Writing and health

Taking a moment to write about a troubling event in your life can make
you feel better and may actually play a role in altering your brain in
ways that give you benefits beyond the immediate catharsis.

Dr. James Pennebaker of the University of Texas at Austin found that
those who wrote about an emotional upheaval in their lives 15-20
minutes a day for 4 consecutive days experienced stronger immune
systems.  Students that wrote about their worries or anxieties saw
improved grades.

It seems counterintuitive, but translating an experience into language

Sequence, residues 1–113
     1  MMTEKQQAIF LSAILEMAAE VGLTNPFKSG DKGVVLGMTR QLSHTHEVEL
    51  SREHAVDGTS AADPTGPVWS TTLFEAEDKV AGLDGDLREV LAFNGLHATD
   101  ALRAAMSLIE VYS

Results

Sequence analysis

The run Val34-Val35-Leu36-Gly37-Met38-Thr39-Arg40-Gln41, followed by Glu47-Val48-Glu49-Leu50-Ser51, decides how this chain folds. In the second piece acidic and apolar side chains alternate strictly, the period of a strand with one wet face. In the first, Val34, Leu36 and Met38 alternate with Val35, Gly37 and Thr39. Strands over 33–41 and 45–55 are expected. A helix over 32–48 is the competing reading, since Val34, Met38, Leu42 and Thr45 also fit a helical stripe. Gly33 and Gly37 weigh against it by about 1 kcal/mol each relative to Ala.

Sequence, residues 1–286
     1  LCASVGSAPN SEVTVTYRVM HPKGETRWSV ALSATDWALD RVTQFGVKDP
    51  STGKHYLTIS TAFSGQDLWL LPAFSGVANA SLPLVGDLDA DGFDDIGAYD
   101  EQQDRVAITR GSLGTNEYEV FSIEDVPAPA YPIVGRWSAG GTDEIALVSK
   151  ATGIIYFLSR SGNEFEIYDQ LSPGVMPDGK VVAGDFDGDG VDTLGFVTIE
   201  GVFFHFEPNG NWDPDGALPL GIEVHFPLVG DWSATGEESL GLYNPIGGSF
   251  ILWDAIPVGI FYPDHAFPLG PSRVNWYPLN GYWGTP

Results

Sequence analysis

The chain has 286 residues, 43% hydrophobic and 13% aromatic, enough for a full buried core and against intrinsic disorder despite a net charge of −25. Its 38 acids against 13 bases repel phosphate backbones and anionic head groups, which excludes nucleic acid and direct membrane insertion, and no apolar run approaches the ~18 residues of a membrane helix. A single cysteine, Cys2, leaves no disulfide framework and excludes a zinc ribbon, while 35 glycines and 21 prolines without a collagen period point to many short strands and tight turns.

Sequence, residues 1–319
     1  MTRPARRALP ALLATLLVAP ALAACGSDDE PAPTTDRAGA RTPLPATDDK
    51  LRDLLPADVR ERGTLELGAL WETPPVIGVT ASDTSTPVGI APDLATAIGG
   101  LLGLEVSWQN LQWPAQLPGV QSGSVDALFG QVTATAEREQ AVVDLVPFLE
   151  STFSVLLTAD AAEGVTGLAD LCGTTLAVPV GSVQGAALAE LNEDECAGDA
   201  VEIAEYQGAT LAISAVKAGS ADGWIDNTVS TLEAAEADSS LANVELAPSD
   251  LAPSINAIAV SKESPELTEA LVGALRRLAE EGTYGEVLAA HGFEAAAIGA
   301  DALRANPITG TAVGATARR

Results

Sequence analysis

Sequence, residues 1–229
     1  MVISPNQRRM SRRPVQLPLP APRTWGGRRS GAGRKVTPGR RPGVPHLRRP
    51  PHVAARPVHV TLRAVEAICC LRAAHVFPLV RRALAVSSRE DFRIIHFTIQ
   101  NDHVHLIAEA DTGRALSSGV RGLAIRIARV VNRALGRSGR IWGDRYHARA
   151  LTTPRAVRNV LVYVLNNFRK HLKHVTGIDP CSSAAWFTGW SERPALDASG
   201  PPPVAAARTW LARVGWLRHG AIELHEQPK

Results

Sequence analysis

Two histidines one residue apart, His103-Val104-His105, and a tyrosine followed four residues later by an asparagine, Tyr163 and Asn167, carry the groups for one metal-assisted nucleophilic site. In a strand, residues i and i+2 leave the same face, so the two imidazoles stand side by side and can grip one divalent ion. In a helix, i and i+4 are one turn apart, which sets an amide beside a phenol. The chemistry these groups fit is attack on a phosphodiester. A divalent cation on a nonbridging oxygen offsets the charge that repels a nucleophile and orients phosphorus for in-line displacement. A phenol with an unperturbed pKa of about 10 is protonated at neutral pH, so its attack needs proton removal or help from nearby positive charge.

involves different parts of the brain and helps with healing.

“Emotional upheavals touch every part of our lives,” Pennebaker
explains. “You don’t just lose a job, you don’t just get divorced.
These things affect all aspects of who we are—our financial situation,
our relationships with others, our views of ourselves, our issues of
life and death. Writing helps us focus and organize the experience.”

Note that Dr. Pennebaker doesn't necessarily recommend keeping a daily
diary for this purpose, “But standing back every now and then and
evaluating where you are in life is really important.”

Sian Beilock writes the following in her book Choke: "Expressive writing
reduces negative thinking, which frees up cognitive horsepower to
tackle what comes your way."

Interesting, and perhaps worth a try.

Screenshot of Chapters for iPad.